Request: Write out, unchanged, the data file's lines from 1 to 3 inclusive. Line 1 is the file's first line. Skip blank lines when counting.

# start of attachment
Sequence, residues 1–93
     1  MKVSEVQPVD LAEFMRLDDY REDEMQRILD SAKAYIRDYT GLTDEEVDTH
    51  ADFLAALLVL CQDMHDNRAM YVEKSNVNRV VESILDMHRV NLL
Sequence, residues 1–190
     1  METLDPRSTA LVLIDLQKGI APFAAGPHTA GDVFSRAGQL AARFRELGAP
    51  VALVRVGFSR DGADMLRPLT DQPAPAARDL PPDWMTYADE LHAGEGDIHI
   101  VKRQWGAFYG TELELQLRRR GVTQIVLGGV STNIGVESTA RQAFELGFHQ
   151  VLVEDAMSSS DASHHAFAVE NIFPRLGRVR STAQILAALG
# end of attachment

Sequence, residues 1–93
     1  MKVSEVQPVD LAEFMRLDDY REDEMQRILD SAKAYIRDYT GLTDEEVDTH
    51  ADFLAALLVL CQDMHDNRAM YVEKSNVNRV VESILDMHRV NLL